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Water SA

On-line version ISSN 1816-7950
Print version ISSN 0378-4738

Water SA vol.47 n.1 Pretoria Jan. 2021 



Water quality assessment using a portable UV optical absorbance nitrate sensor with a scintillator and smartphone camera



JMDFP InglesI; TM LouwII; MJ BooysenI

IDepartment of E&E Engineering, Stellenbosch University, Stellenbosch, South Africa
IIDepartment of Process Engineering, Stellenbosch University, Stellenbosch, South Africa





Nitrate contamination of water sources is a global environmental concern. A major source of pollution is agricultural runoff, which can contain decomposed organic matter, fertilizer, and animal or human waste. Nitrate adversely affects the stability of water systems such as dams and rivers and thus also public health. Regulation is essential but difficult to implement, given that measuring nitrates is laborious, and normally done using chemical assays in laboratories. We present a novel portable nitrate sensor that uses a smartphone camera fitted with low-cost optics. The sensor uses ultraviolet absorbance analysis to detect nitrates in water samples and quantify the concentration. The sensor's absorptivity when a bandpass filter was used was 0.0681 L-mg-1-cm-1 compared to 0.0934 L-mg-1-cm-1 measured with a spectrophotometer in a laboratory. Measurements by the sensor of the concentration of nitrates in two environmental samples differed from those taken by the spectrophotometer by 19% and 7%. The sensor achieved a nitrate concentration measurement resolution of 0.2 mg-L-1, and a detection range of 0-5 mg-L-1, with higher concentrations requiring dilution to quantify. Our tests showed that the smartphone-based nitrate sensor is sufficiently accurate to be used as an inexpensive instrument for nitrate analysis in the field.

Keywords: water quality, nitrates, spectroscopic analysis, UV absorbance analysis, smartphone, developing country




Human activity can pollute water sources (Peavy et al., 1985). One of the worst pollutants is nitrogen, particularly nitrates. Nitrates can damage water systems and the health of those who use the water. Some sources of nitrogen are decomposed plants and animals, human and animal waste, wastewater and chemical fertilizers. These contaminate water systems through groundwater discharge, surface runoff or direct discharge into streams. As the contaminants come into contact with the water, the nitrogen is oxidized to form nitrates and released into the water.

Although the numbers reported are unreliable and definitions vary, many people living in Africa do not have access to safe water and sanitation and their survival is often dependent on agriculture, which has a sensitive relationship with water (WHO, 2018; Easterly, 2009). According to the WHO (2018), the practice of extensive agriculture can increase the levels of nitrates in nearby water sources to more than 200 mg-L-1. Most health organizations recommend a level of no more than 25 mg-L-1 - at higher levels complications can occur. People who are obliged to use such water are at risk from the dangers of nitrate pollution.

High concentrations of nitrates cause eutrophication, which can eventually lead to anoxia, threatening higher aquatic lifeforms and creating a favourable environment for disease-causing bacteria. Consumption of water with a high concentration of nitrates may lead to methemoglobinemia (a condition where the blood cannot carry enough oxygen), mucous membrane irritation and even gastric cancer (Peavy et al., 1985; Sohail and Adeloju, 2016; Temkin et al., 2019).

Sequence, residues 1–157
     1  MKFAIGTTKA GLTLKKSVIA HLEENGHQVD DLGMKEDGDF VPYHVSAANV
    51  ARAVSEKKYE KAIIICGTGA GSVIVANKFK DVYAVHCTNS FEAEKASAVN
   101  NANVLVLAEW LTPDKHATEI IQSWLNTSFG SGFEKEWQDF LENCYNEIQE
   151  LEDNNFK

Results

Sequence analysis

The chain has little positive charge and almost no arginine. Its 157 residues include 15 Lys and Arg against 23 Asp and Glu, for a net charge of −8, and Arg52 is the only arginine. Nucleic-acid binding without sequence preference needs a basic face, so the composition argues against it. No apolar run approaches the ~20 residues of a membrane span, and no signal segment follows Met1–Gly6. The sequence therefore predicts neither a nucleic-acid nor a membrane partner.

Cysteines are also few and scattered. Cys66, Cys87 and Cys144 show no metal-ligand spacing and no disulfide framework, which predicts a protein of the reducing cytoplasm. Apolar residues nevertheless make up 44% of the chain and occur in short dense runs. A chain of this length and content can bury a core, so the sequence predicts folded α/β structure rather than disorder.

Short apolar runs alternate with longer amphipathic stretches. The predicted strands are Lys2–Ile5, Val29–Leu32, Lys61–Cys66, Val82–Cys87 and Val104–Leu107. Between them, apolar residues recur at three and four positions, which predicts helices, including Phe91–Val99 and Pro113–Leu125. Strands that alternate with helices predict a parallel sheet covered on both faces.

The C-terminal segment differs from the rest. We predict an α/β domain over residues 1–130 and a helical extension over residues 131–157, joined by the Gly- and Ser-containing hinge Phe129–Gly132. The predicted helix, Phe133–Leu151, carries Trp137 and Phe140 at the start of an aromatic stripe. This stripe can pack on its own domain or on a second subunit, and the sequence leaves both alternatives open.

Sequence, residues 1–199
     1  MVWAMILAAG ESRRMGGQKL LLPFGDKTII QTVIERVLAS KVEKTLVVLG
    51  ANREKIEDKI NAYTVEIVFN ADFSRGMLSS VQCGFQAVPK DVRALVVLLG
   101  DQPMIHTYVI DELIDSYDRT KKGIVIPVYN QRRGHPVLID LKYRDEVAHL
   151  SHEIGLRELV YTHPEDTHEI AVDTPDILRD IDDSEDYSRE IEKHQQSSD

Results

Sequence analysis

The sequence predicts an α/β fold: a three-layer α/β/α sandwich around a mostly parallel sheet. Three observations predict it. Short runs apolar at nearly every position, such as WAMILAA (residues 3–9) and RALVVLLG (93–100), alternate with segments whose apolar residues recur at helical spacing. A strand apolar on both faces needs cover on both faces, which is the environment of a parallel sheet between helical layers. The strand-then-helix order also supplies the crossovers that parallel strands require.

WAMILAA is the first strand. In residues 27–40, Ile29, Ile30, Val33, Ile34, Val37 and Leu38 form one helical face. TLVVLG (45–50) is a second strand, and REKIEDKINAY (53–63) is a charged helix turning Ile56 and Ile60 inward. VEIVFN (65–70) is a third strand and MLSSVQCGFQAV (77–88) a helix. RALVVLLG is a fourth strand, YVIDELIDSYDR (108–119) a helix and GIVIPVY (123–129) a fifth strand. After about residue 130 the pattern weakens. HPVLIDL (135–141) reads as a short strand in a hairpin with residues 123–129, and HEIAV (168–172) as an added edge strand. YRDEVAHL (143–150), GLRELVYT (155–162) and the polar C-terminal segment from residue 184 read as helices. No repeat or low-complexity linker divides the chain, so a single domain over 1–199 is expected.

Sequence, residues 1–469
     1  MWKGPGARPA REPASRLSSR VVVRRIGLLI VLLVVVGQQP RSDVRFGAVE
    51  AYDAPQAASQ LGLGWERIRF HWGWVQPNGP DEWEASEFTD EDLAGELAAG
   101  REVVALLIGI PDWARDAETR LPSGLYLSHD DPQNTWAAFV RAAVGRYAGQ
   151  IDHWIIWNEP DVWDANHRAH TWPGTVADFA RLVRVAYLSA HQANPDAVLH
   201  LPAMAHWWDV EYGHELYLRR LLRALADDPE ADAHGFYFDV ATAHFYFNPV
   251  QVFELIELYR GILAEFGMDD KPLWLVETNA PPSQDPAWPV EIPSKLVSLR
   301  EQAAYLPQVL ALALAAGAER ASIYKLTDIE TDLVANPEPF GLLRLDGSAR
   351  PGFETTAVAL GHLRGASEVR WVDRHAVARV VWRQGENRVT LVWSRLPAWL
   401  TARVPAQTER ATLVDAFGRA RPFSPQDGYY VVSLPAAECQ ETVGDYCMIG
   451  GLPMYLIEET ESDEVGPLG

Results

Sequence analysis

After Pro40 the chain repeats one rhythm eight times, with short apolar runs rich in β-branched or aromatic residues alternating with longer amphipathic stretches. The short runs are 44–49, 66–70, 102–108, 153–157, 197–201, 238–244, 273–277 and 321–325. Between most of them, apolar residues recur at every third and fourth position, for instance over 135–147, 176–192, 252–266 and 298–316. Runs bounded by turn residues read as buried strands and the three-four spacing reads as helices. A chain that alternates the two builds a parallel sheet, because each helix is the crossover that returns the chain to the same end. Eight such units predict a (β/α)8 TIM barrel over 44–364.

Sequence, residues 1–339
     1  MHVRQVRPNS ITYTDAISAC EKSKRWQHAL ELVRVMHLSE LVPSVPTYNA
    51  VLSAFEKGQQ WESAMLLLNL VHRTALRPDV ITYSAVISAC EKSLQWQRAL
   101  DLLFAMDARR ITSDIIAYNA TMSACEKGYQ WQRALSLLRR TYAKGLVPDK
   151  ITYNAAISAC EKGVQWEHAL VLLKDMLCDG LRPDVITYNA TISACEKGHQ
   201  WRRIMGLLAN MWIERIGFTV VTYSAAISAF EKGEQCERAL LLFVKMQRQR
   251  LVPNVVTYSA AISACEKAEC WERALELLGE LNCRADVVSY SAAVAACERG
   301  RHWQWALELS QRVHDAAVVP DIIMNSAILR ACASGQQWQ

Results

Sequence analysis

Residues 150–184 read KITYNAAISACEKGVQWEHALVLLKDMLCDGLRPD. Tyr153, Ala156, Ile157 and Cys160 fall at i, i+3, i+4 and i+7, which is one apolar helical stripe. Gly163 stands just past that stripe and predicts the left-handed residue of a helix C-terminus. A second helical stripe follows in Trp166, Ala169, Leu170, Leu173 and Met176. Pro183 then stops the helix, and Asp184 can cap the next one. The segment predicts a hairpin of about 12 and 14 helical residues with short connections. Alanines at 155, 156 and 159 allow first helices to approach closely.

Chromatography, electrochemistry and spectroscopy are the most commonly used methods to detect nitrates (Sohail and Adeloju, 2016; Wang et al., 2017). Chromatography is extremely sensitive, with a low susceptibility to interference from non-analyte ions (i.e., those not of interest in the analysis) or organic materials in samples, but it requires several steps and specialized components, making it more complicated and more expensive than the other two methods. Electrochemistry has great potential, but its sensitivity and accuracy can be influenced by interfering ions and organics, which probably makes it the least suitable for assessing nitrates in most water sources, given their complex composition. Spectroscopy can also suffer from interference, but it is less complicated to use than the other two methods, and has the added advantage of obtaining fast results (Sohail and Adeloju, 2016; Wang et al., 2017).

The convenience and portability of smartphones has led to a surge in smartphone-based devices for analysing various substances (Vashist et al., 2014; Cloete et al., 2016; Srivastava et al., 2018). Levin et al. (2016) developed a smartphone-based fluoride sensor for colourimetric water analysis that compares favourably with established methods. The device uses a smartphone camera to capture colour in the visible spectrum and an algorithm to record and analyse the colour of the sample solutions. The authors reported that the device was compact, low-cost, field-portable, and had a detection range of 0-2 mg-L-1. Hussain et al. (2017) developed a similar inexpensive and portable smartphone-based fluoride sensor, also using colourimetry for testing drinking water. However, instead of using the smartphone camera as the sensor, they used the smartphones ambient light sensor as a light detector and created a smartphone application that can determine the concentration of the fluoride samples and send the collected data to a central water quality monitoring establishment, from any remote area. The device's performance was adequate and similar to that of commercial counterparts, having a resolution of 1.23 X 10-4 mg-L-1. Colourimetric methods for nitrate analysis are, however, hampered by the need for reagents to produce the chemical reaction that will result in a visible colour.